African cassava mosaic disease
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Legg, J. (2008). African cassava mosaic disease. In F. Claude, Encyclopedia of virology (3rd ed., p. 30-36). Oxford: Elsevier.
Permanent link to cite or share this item: https://hdl.handle.net/10568/92276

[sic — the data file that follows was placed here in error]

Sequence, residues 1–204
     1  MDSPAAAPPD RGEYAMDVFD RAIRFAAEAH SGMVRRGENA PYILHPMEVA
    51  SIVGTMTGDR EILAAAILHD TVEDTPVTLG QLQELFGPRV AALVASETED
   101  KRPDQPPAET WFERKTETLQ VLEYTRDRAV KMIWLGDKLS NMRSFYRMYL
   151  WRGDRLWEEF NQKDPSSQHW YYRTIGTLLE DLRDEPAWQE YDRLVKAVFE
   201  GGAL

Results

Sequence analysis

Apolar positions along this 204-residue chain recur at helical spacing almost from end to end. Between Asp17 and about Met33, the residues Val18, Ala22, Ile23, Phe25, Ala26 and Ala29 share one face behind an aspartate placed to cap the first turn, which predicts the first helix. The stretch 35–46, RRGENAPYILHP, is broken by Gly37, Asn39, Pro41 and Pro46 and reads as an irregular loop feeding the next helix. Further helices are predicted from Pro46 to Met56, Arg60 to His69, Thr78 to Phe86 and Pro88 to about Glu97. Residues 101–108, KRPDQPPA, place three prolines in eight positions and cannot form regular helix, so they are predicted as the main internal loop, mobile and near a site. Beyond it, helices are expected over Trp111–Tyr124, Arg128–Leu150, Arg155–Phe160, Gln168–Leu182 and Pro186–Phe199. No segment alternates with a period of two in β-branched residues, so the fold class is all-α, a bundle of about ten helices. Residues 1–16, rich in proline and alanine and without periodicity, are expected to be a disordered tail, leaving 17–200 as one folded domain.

Cassava mosaic disease (CMD), recognized in Africa for more than a century, is now known to be caused by a group of geminiviruses in the genus Begomovirus from the family Geminiviridae. All are transmitted in a persistent manner by the whitefly vector, Bemisia tabaci. Structurally, cassava mosaic geminiviruses (CMGs) are comprised of two small, single-stranded, circular DNA molecules, DNA-A and DNA-B, each of which is encapsidated within a geminate coat. CMG infection results in symptoms comprising misshapen leaves with a mosaic-like chlorosis and general plant stunting, leading to reduced tuberous root production. Through the processes of virus-virus synergism, pseudo-recombination and true recombination, CMGs have evolved into a diverse and highly successful group of plant pathogens and seven species are currently recognized from Africa. Rapid spread of a recombinant strain, East African cassava mosaic virus-Uganda (EACMV-UG), has been associated with a pandemic of unusually severe CMD, which has affected much of East and Central Africa, leading to production losses of 47%, equivalent to nearly 14 million tonnes. Although the deployment of conventionally-bred host plant resistance is the main approach being used to manage CMGs, with considerable success, increased attention is being given to the development of transgenic resistance strategies.
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